Critical zone (CZ) science is entering its second decade. A new generation of scientists is emerging trained specifically in CZ science and are contributing to advances in environmental science across disciplines. Concurrently, the global scope of CZ science is being elevated as new countries invest in CZ observatories. Global CZ science has great potential to address a diverse array of questions beyond any single discipline. In this commentary we discuss a series of CZ science grand challenges that should be targeted by early-career researchers: understanding water availability in the CZ; expanding CZ science into new environments; communicating the societal relevance of CZ science including earthcasting to the public; seamlessly integrating biological sciences within the CZ framework; and scaling CZ processes over large spatial and temporal gradients. Targeting these grand challenges will push CZ science well into the future. We also highlight mechanisms for increased leadership within the CZ community.
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Figure 3. Critical zone scientist work across multiple time scales ranging from seconds to millions of years. Working across multiple time scales is an inherent challenge to CZ science but necessary to understand interacting processes and scale measurements for accurate earthcasting. [Colour figure can be viewed at wileyonlinelibrary.com] Acknowledgements—The authors would like to thank funding via the US National Science Foundation SAVI program. ASW was supported by the National Science Foundation Luquillo Critical Zone Observatory (EAR-0722476 and 1331841). This commentary was greatly improved by the efforts of the special issue editors and two anonymous reviewers.
To drive CZ science forward, early-career CZ researchers should look toward funding sources that support large collaborative research. Examples include Research Coordination Networks (RCN), Science Across Virtual Institutes (SAVI), and Partnership for International Research and Education (PIRE) through the US NSF. Funding focused on data-syntheses include the Powell Center Grant (United States Geological Survey), the National Center for Ecological Analysis and Synthesis (NCEAS; University of California Santa Barbara), and the Socio-Environmental Synthesis Center (SESYNC; University of Maryland). International funding sources include, the Marie-Sklodowska-Curie Actions through the European Commission and the Chinese Academy of Science and Chinese Scholarship Council which support visiting scholars. These funding sources can be used to bring together researchers where ideas can be fully developed and global-scale hypotheses tested.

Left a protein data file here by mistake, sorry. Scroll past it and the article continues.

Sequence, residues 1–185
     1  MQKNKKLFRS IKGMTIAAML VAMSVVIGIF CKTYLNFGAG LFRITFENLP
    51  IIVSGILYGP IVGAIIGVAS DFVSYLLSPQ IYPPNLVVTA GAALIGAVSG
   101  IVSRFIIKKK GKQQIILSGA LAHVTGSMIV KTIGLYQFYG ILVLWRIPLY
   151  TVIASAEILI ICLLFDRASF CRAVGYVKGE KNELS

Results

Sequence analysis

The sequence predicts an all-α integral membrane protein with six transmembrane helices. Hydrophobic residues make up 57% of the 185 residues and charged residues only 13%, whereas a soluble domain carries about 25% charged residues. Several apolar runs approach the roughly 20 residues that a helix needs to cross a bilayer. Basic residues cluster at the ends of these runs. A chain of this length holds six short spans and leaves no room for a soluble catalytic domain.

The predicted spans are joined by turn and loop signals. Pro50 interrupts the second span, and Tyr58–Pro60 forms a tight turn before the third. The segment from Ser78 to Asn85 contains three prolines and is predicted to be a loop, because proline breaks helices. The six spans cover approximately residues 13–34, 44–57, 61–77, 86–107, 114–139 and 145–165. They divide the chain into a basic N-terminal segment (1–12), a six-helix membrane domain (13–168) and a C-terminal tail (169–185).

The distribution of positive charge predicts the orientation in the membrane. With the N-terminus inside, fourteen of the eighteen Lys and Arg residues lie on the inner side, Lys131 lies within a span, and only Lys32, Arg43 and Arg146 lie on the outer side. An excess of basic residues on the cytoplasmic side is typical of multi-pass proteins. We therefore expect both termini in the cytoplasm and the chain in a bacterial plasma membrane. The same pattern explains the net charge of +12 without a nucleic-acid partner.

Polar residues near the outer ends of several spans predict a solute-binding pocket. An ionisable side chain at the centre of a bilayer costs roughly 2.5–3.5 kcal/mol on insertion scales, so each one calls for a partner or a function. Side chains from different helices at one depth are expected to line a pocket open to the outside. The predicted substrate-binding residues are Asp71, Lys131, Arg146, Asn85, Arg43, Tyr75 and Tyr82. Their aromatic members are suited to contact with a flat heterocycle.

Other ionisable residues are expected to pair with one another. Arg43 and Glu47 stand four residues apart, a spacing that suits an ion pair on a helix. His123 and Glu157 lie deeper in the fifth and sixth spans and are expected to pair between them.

Transdisciplinary science requires pushing past traditional disciplinary boundaries, integrating data across spatial and temporal scales and working towards inclusiveness. To continue making this global idea work, new generations of CZ scientists need to join with early-CZ pioneers to push this science forward. During this past decade, an increasing number of graduate students and post-doctoral researchers received training in CZ science (Figure 1). Much of this training was the direct result of specifically funded research programs including the US NSF funded CZO network and the European SoilTrEC (Soil Transformations in European Catchments) initiative through the European Commission. These CZ scientists are now developing their own careers, and are poised to advance Earth and environmental science, given the depth and breadth of their backgrounds. In this commentary, we outline a series of scientific grand challenges for early-career CZ researchers including: (1) understanding water availability in the CZ; (2) expanding CZ science into new environments; (3) communicating the societal relevance of CZ science including ‘earthcasting’ to the public; (4) seamlessly integrating biological
Copyright © 2017 John Wiley & Sons, Ltd.
- critical zone observatories
- critical zone science
- earth systems research
- grand challenges